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Needlepoint Class - Chuck Poulsen  

No angel of mercy

City councillors will call a path at Parkinson Rec: Angel Way.

They will spend $10,000 in signs announcing it is in honour of victims of domestic violence or just plain victims of violence. They might as well spend another $10,000 on signs explaining why they are doing this.

Staff was told to go back to the Women’s Resource Centre for a further consult on which way to go. If you don’t think WRC won’t recommend the domestic violence tag, I have a path to sell you.

The path links with the new $2.5 million pedestrian overpass of Highway 97. The primary function of the overpass will be a perch for police to nail speeders. In a half-dozen trips underneath, I have yet to see one pedestrian on the overpass.

The path and overpass should be named after the taxpayer. Call it the Yellow Brick Road.

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The long-established Okanagan Life magazine is in for a battle over advertisers from a new, top-end publication that rolled out late last month.

In its first edition, Icon Okanagan magazine has a lot of ads.

Icon is high-end and cosmopolitan in its production values.

As with Okanagan Life, Icon is free. It will be a quarterly and is available at 550 locations, shopping malls, stores and such.

“We thought there was a gap - a whole huge balloon of space - for a high end lifestyle magazine in the Okanagan,” said co-publisher Julian Snarski. “We’re filling that void.”

Next issue will be out at the end of February.

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The old debate about the intelligence of dogs compared with cats has finally been answered.

Maybe.

Dogs are smarter than cats, say Oxford University researchers.

The Oxford people studied how 500 species, both living and fossilized, have evolved over 60 million years. The ones that lived in social groups, such as dogs, had much larger brains, relative to body size, than those species that that were loners, like cats.

"Dogs have always been regarded as the more social animals while cats often go it alone," says researcher Susanna Shultz. “That social interaction requires larger brains.”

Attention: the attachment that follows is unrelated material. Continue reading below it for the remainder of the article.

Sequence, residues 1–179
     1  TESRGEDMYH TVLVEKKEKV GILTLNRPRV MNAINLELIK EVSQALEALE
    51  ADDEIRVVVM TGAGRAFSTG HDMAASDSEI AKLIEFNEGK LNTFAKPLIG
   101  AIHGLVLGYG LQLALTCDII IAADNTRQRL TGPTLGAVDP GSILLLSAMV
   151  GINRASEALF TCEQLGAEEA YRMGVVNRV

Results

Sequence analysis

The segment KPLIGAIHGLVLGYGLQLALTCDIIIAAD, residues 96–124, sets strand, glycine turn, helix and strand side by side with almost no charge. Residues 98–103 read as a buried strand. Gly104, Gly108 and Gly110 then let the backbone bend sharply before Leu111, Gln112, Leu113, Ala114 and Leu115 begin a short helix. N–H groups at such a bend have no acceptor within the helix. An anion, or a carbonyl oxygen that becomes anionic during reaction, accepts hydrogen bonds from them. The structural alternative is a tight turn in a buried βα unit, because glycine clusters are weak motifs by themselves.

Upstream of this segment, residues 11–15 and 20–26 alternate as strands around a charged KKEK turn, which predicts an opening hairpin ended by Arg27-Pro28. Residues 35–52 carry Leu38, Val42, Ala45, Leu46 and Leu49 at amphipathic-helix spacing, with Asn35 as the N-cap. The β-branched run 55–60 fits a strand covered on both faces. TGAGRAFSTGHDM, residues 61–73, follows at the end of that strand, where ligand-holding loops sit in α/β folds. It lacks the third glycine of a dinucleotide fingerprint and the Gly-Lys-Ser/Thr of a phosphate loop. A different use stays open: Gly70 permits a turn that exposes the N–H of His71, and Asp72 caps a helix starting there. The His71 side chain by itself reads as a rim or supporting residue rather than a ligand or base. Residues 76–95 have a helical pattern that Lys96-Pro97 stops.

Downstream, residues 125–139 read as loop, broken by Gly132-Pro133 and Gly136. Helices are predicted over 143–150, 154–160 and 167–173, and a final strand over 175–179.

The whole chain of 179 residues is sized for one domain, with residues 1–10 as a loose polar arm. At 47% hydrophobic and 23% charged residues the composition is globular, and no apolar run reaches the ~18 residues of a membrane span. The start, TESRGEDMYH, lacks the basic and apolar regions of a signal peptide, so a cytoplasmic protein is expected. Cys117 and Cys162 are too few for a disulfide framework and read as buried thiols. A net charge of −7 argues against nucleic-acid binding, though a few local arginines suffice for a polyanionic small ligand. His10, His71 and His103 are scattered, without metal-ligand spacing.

Shultz says that the cooperation within a group is more mentally challenging than animals which are self sufficient.

Cat lovers already have their claws out over this report.

"The domestic cat is highly intelligent thanks to its wild ancestry," says Beth Skillings, a veterinarian with Cats Protection. "Unlike dogs, they are smart enough to hunt alone and don't have to depend on others."

The paradox is that while dogs have bigger brains, cats have twice as many neurons in their cortex, the “thinking part” of the brain.

Audiences at veterinary conferences are almost evenly split. About 30 percent bark for dogs, and 40 percent purr for cats. (Sorry, I couldn‘t help that - a cat made me do it). The other 30 per cent say dogs and cats are the same.

Says one pet expert: “Both species are smarter than the folk who issue press releases on behalf of researchers."

We have four cats and a dog. What I know for sure is that they are all trouble in their own unique ways.

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Trivia that may interest only me:

The Green Bay Packers, greatest team in football, will spend up to $13 million for two new digital scoreboards. Lambeau Field is considered the Mecca of football stadiums in the U.S., even by sissies in San Francisco, latte sippers in Seattle and lost souls, such as my son Eric, who cheer for the nearby Chicago Bears.

The taxpayers spent several hundred million to renovate Lambeau recently but the cost of building the original in 1957 - the whole stadium: $960,000.


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